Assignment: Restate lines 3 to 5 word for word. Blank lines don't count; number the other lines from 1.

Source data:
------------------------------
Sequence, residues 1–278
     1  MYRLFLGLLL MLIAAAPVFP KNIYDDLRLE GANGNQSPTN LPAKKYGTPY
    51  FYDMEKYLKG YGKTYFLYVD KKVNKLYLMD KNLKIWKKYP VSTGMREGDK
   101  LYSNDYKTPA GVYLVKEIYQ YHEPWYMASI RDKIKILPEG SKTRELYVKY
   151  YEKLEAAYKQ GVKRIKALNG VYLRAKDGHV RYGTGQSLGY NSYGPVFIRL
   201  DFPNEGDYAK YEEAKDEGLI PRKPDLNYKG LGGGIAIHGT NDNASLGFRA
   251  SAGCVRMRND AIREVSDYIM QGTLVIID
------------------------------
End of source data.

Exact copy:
    51  FYDMEKYLKG YGKTYFLYVD KKVNKLYLMD KNLKIWKKYP VSTGMREGDK
   101  LYSNDYKTPA GVYLVKEIYQ YHEPWYMASI RDKIKILPEG SKTRELYVKY
   151  YEKLEAAYKQ GVKRIKALNG VYLRAKDGHV RYGTGQSLGY NSYGPVFIRL